4. Have an attitude of gratitude this Thanksgiving, even in your singleton state. I have friends who are trying to balance multiple stops with kiddos and tense family situations on short notice…that’s their reality. Yours (and mine) is a single life that permits us to choose to check-in and check-out of the holiday spirit if we so choose…but we must be thankful for the current situation whether we are choosing it for ourselves or not.
  5. Families and friends: if you know of a singleton this holiday who might be spending it solo, offer up a seat at your table (or couch). They may not be able to get home on this short holiday weekend, or they may be without family, and really don’t want to impose by inviting themselves. Extend the gratitude, and fill them in on the fun you put in the dysfunction that is every single family in the world.
  6. Lastly, use this as an opportunity to revel in the delight that is this season of gratitude and thankfulness. No matter what your choice is or where you find yourself celebrating. You get to choose as a singleton and the choice is always thanksgiving.


Singleness and Social Media

Babies are filling up my social media these days. And wedding announcements, engagements and hands held high with mouths in shock.

“He liked it, so he put a ring on it!”

“Excited to announce the newest arrival!”

Spring has sprung the nesting and additions to families all across my friendships.

If I am honest, as this is occurring and I am diving deeper into a healthy relationships with my church family it would be easy for me, the single gal, to slip into an ugly place of sin and discouragement. To find myself seeing what I don’t have and what others do have. To covet. To find jealousy lurking in the depths of a heart not in tune with God’s truth for me. To see depression set in once more, a true depression of the entire body where I shut myself off and shut myself down accepting this life as it is now.

Last week I talked a bit about questioning why we are in the place we are in. And I do from time to time, especially when these life celebrations begin to fill up my life for everyone else, but myself. I started to realize that it wasn’t about them but the state of my heart, and my relationship with God first before it ever got to my relationship with them.

You see, if I am loving God with all that I have (mind, heart, emotions) with everything I got (strength) even in my sensibilities and will (soul) then I am not focused on the others. My gaze isn’t on the scrolling screen of “good life, good wife” mentalities but on the One who gave His life so that I might be in this relationship with Him. When I lean into Christ and what my relationship is with Him, I don’t leave space for coveting because I know without a doubt in my head or heart that I am overflowing with gratitude, love, joy. When that happens, again and again, and I live into that truth for my life instead of the truth the world is trying to craft for me that I need to be this person or in that relationship, fruit develops. I bear out lovingkindness, peace, patience, goodness.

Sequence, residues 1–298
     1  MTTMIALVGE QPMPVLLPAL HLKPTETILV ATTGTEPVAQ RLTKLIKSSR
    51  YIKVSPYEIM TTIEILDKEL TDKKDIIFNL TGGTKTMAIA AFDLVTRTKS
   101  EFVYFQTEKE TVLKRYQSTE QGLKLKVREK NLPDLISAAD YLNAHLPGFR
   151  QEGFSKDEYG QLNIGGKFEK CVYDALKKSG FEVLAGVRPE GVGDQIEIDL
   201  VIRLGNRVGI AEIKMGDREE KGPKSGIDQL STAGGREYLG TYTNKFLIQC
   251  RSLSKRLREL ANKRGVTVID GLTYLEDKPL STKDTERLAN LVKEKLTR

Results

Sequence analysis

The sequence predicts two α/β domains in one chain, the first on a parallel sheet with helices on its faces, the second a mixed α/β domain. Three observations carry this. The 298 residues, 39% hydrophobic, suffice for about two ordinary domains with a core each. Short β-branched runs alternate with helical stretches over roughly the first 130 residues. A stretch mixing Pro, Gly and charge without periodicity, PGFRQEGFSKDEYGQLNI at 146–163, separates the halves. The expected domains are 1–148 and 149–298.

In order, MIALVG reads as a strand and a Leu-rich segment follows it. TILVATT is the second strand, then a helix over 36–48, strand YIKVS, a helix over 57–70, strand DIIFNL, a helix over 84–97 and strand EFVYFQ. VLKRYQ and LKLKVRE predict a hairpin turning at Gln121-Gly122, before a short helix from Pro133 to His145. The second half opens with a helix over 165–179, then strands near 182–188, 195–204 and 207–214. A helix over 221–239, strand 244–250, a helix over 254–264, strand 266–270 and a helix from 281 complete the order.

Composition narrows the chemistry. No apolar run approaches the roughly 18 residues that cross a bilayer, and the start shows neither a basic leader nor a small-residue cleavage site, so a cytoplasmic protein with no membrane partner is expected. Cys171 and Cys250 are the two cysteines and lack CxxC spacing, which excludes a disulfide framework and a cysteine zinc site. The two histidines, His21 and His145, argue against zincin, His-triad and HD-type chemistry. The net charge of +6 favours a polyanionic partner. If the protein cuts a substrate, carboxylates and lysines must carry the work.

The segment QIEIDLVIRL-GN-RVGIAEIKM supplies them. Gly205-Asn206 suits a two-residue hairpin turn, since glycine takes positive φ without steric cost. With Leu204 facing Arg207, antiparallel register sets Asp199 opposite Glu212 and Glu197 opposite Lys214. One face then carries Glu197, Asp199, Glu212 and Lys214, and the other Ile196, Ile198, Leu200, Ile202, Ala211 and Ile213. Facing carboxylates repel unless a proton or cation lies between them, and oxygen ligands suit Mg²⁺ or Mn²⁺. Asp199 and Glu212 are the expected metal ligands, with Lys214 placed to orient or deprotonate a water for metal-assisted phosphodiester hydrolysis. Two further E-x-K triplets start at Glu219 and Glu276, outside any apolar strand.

This is fruit for others to enjoy, for me to give away and not allow to sour or rot on the vine. Alot of times I want that fruit for myself, but when He points us to loving others as we love ourselves that means giving away what has filled us up-the good stuff, His stuff, HIM.

He pushes out all the other that I find I sometimes want to live in and loll about in on a quiet Friday night. But He’s right there, ever-present, whispering truth that my relationship with Him is filling me so that I am not growing into what the world thinks I should look like as a single lady but what He has defined for me to be as His.

So I can celebrate weddings, births, new jobs and adventures of friends with a heart full of joy, gratitude and love. For them. For myself. For Him.

Light and Momentary

Light and momentary.

That is what our present troubles are to be viewed as in our lives.

I wish I viewed them that way. I wish I had the perspective (and encouragement) that Barnabas had when he looked at the disciples they were making in Antioch. Upon returning he shared with them that they “must go through many hardships to enter the kingdom of God.” (emphasis mine)

I think many believers could echo that sentiment today. You are going through a hardship that doesn’t seem to be ending. It’s all-consuming, debilitating and crushing. But Barnabas shares this as a one-off, to continue on in the faith they have been sharing throughout the area they were in.

Then I come to Paul’s words, a companion of Barnabas on that exact trip, that tell us how he considered suffering. How he viewed it with a lens that is not easily applied. Paul tells us that our present sufferings-from medical issues, to depression, to loss, to heartbreak-aren’t even worth comparing in light of our future that is being revealed in us. “It’s not even worth mentioning” is how one text translates this.

For me, that’s hard to rectify. Suffering, and I am talking true suffering here, is shared and talked through. I don’t believe Paul is saying we keep quiet on our suffering, our brokenness and hurt, our pain and loss. I do think he’s pointing to a new perspective on it for ourselves and for others. That we shouldn’t dwell too long in it at any given point. We shouldn’t live in the hopelessness of it, the defeat of doubt, fear and anger that can overwhelm our thoughts.